"Aquisito," Doris Rodriguez de Platt told me, motioning in the air as we climbed upward. "In Peru we are always saying 'aquisito,' which is a sweet way of saying 'Just over here, just a little bit farther,' even though what we're talking about is never really that close." We'd hiked for nearly four hours that morning and we were, at least in theory, approaching the highest point of our five-day trek through the Andes15,250 feet above sea leveland well on our way to the lost city of the Incas, Machu Picchu.
Doris, co-owner of the restaurant Andina in Portland, Oregon, was accompanying Emmanuel Piqueras, Andina's talented young chef, on this journey to Machu Picchuthe sacred stone city built by the Incas sometime between the late 14th and early 15th centuriesand rediscovered by Yale archeologist Hiram Bingham in 1911. Emmanuel was there to find inspiration for his novoandinanew Andeancuisine. For me, the trip was a chance to learn about Peruvian food from one of its passionate ambassadors, and to test my physical endurance as we hiked six to eight hours a day in the thin air.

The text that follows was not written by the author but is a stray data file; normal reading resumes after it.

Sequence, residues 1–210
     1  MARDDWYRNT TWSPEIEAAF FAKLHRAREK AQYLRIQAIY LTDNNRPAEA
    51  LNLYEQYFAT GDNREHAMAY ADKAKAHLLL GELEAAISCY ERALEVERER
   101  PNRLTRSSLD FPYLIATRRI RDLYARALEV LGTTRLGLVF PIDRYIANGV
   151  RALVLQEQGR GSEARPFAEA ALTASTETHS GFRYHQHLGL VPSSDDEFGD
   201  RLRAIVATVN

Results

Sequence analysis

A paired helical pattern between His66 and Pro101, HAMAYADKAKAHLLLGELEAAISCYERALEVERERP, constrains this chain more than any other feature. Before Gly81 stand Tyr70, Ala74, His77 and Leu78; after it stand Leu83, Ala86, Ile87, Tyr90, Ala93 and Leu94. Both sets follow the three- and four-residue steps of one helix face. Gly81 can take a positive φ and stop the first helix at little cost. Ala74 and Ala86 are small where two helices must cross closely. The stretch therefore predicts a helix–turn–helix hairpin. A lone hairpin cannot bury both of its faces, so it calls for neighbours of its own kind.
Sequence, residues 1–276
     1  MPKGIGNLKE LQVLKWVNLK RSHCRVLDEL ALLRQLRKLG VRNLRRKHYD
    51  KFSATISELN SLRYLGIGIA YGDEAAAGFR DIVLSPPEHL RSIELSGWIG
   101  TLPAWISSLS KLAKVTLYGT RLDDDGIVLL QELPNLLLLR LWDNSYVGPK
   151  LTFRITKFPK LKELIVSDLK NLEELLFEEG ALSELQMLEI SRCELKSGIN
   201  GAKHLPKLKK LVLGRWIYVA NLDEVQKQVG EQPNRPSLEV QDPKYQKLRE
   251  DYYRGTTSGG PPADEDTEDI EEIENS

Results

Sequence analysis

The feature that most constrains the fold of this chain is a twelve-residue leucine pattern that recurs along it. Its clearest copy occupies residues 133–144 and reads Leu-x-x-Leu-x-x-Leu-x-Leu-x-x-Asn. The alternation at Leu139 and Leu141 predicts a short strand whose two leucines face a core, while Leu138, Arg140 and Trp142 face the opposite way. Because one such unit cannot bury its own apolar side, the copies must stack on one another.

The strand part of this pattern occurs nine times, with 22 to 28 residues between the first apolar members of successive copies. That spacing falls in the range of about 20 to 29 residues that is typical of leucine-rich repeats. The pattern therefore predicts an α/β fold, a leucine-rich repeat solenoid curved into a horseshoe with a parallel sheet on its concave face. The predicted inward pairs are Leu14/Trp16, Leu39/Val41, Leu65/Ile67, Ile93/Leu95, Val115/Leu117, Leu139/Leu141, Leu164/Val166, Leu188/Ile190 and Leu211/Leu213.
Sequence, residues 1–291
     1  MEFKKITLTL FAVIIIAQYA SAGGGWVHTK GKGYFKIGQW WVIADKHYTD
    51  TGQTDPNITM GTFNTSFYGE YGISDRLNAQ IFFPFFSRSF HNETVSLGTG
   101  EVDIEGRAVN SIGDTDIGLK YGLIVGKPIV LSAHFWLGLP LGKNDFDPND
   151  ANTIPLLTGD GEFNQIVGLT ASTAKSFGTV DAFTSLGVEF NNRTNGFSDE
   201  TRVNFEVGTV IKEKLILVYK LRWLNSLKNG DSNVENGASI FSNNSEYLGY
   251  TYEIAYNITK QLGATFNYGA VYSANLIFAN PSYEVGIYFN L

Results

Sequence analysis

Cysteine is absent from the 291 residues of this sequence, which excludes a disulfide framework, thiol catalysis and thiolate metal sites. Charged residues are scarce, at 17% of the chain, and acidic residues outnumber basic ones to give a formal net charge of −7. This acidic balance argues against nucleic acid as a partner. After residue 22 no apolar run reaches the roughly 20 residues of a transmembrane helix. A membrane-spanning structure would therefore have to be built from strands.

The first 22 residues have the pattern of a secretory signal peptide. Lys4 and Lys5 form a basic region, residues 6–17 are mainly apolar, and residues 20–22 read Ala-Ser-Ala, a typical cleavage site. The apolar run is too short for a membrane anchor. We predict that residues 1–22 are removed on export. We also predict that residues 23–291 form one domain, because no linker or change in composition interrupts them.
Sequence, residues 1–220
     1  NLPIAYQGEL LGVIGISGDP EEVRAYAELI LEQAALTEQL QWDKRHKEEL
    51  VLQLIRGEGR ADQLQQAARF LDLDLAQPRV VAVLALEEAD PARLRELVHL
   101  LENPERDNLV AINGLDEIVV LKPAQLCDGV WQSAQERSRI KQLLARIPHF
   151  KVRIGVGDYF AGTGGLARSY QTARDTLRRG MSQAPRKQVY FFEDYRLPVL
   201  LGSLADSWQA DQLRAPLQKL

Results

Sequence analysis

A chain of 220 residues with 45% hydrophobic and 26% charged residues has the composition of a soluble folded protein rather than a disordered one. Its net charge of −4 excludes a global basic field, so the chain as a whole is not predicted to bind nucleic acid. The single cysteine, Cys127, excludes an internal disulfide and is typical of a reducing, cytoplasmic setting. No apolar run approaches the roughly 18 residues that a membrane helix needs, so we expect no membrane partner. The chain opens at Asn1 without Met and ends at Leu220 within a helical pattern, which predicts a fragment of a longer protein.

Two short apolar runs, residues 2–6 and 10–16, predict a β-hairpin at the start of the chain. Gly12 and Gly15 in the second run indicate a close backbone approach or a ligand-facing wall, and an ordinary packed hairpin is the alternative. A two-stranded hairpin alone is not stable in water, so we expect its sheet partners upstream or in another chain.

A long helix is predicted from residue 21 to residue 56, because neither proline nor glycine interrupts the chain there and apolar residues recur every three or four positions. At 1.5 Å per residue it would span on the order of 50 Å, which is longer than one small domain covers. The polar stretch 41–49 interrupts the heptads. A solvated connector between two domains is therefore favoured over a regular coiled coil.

Most people who trek to Machu Picchu take the Inca Trail, but we chose a more adventurous and less crowded option: the Ancascocha Trail, named for a beautiful Andean lake. Walking along this route, which goes over high mountain passes and descends into green canyons, hikers encounter only a scattering of thatched-roof, mud-brick houses and see virtually no other touristsonly condors circling way up in the sky.